And the videos keep coming…

Review

I was in the mood for a dark, crime thriller so I picked this book up slightly ahead of schedule and I enjoyed it a lot.

Cut to the Bone opens with a girl being kidnapped. I instantly found the writing-style exciting and intriguing. It’s sharp and very matter-of-fact which I’m sure some people with have an issue with but I lapped it up. 

We soon discover that the girl being kidnapped was Ruby, a YouTube star. Ruby does beauty tutorials and talks about her life, depression and other things on her Vlog, to a huge teen audience. She’s a good role model, she tries to use her experiences to help others. So when she goes missing there’s instant interest in it. But it doesn’t explain why commissioner Justin Hope seems to know about it before she’s even classified as a missing person- only hours after her disappearance. 

Like all good crime thrillers, Cut to the Bone is complex, with many strands weaving through it at once. There’s the unreliable cops, the exploitative media agents, ex-boyfriends, stalker-fans and a strange family, (amongst others) all thrown into the mix. Any one of them could be the culprit. 

Caan does a good job of throwing in some red herrings and keeping you guessing, and I couldn’t stop digitally turning those pages, although to be fair, I was never that invested it finding out who the killer is, because we don’t actually know if she’s dead.

I feel like I can’t really give Cut to the Bone more than 3/5, mainly because it wasn’t anything special. I enjoyed it and all, but it didn’t blow me away. It hasn’t stayed with me, you know!? Maybe I’m just in a harsh mood…

I also got pretty bored with all the drawn-out explanations about what Vloggers do and how they make money. I’m sure it’s just a case of timing, and that probably when the story was actually written Vloggers weren’t very well known, but it felt quite dated and well, out of touch. Like it was written by someone who has only just discovered the internet or something.

Anyhoo, for a debut novel, Cut to the Bone is a winner. The writing is quite different than your run-of-the-mill thrillers and that’s what really impressed me. 

Definitely worth a read – and I’ll be looking out for more from Caan in the future. 

unicorn rating 3

Cut to the Bone is out now on Kindle, but not due in paperback until November 2016

Murder at the 42nd Street Library by Con Lehane #BookReview #Mystery

murderat42Title: Murder at the 42nd Street Library
Author: Con Lehane
Series: n/a
Format: Digital ARC, 320 pages
Publication Details: April 26th 2016 by Minotaur Books
Genre(s): Mystery
Disclosure? Yep! I received a free copy in exchange for an HONEST review. 

Goodreads 

bookdepo

Murder at the 42nd Street Library opens with a murder in a second floor office of the iconic, beaux-arts flagship of the New York Public Library. Ray Ambler, the curator of the library’s crime fiction collection, joins forces with NYPD homicide detective Mike Cosgrove in hopes of bringing a murderer to justice.

In his search for the reasons behind the murder, Ambler uncovers hidden–and profoundly disturbing–relationships between visitors to the library. These include a celebrated mystery writer who has donated his papers to the library’s crime fiction collection, that writer’s missing daughter, a New York society woman with a hidden past, and one of Ambler’s colleagues at the world-famous library. Those shocking revelations lead inexorably to the tragic and violent events that follow.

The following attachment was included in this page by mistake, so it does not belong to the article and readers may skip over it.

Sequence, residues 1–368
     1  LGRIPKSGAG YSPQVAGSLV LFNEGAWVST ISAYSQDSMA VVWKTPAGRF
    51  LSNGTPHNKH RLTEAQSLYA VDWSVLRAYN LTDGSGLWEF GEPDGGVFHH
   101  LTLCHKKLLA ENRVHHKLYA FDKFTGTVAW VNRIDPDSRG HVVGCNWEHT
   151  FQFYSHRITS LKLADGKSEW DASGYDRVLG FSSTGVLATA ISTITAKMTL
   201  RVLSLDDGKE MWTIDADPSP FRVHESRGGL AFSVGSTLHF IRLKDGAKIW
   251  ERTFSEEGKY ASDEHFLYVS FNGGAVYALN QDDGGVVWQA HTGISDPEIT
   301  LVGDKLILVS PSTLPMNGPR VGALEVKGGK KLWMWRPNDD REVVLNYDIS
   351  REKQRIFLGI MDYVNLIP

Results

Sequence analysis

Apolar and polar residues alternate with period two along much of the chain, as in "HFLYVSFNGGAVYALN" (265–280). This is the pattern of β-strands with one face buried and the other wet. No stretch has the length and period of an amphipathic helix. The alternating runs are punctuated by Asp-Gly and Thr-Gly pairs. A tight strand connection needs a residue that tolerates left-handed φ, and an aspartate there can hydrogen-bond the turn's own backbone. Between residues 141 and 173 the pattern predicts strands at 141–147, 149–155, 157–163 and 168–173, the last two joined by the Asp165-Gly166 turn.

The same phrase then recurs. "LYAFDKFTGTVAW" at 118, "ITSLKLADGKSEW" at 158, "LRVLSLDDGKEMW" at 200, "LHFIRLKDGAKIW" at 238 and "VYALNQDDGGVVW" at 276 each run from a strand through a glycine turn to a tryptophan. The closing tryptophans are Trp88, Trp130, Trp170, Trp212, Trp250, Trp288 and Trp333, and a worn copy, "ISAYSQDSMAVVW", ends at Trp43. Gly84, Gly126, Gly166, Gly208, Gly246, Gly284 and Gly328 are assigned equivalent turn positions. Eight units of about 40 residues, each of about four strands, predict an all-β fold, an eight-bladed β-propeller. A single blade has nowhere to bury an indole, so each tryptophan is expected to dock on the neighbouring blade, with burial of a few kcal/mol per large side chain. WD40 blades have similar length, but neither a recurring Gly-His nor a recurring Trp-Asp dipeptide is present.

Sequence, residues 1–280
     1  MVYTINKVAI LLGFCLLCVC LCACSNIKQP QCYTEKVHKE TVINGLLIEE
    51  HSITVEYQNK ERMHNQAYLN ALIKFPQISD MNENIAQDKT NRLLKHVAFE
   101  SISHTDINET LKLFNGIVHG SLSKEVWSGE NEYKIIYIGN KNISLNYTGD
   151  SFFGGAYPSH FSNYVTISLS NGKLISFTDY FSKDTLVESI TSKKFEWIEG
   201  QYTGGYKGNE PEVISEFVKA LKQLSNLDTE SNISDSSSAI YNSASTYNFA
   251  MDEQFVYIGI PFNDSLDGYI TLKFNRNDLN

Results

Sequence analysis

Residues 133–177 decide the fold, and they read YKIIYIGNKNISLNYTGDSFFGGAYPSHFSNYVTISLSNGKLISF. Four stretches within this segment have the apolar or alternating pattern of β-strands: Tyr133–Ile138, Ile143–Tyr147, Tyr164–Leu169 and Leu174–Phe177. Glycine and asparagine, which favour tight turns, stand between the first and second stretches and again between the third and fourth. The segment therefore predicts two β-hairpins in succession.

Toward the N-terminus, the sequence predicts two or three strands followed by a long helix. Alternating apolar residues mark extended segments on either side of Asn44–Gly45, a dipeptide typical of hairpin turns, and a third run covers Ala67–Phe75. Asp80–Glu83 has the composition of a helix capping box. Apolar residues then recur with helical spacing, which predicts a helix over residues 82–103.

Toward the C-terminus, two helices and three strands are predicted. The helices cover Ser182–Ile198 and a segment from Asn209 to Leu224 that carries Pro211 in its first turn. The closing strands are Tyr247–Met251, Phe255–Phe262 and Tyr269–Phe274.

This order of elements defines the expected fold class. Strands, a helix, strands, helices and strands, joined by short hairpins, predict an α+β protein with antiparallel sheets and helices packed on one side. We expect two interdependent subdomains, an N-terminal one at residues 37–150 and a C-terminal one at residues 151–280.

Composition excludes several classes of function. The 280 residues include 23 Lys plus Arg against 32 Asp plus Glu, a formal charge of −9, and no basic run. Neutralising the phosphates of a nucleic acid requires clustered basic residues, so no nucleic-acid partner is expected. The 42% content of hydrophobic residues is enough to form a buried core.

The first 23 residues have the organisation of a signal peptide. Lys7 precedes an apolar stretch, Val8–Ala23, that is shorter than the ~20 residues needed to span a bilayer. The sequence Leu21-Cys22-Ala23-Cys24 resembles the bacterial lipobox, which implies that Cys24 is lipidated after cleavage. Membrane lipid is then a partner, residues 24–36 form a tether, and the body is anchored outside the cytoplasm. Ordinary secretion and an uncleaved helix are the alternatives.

Review

A grand library. A mysterious murder. A librarian turned sleuth… in theory this book ticked all the boxes for me and I was looking forward to it a lot.

Ray Ambler is the librarian in charge of the (fictitious) crime fiction collection at the world famous New York Public Library. When a Dr. James Donnelly is murdered in the library, Ambler takes it upon himself to investigate. His boss Harry witnessed the murder, yet fails to identify the culprit, and in time Ambler discovers that the murder is linked to recently acquired documents from renowned crime writer Nelson Yates.

With a large pool of suspects and a growing concern that the crime fiction collection is to be expunged, Ray Ambler has got his work cut out for him and his amateur detective skills. 

I really wanted to love this book but I was left feeling pretty meh about it. At first I liked that it felt like an old fashioned mystery but in the end I just found it a bit dull. I never really got invested in the characters – or the murder – and so I didn’t feel compelled to turn the pages. I also thought there were too many characters and I was often confused about what was going on.

Still, I found it to be a relatively quick read and I loved the library setting. I’ve never been to the NYPL but I can certainly picture it after reading this book; the descriptions were lovely. I enjoyed it enough, but I guess I was hoping for more. Worth giving it a go though!

unicorn rating 3

Murder at the 42nd Street Library is out now!

The Crow Girl by Erik Axl Sund (out today) #BookReview #CrimeFic #DisturbingReads

crowgirlTitle: The Crow Girl
Author: Erik Axl Sund
Series: N/A
Format: Digital ARC, 784 pages
Publication Details: April 7th 2016 by Harvill Secker
Genre(s): Crime Fiction; Thriller
Disclosure? Yep! I received a free copy in exchange for an HONEST review. 

Goodreads 

bookdepo

It starts with just one body – tortured, mummified and then discarded.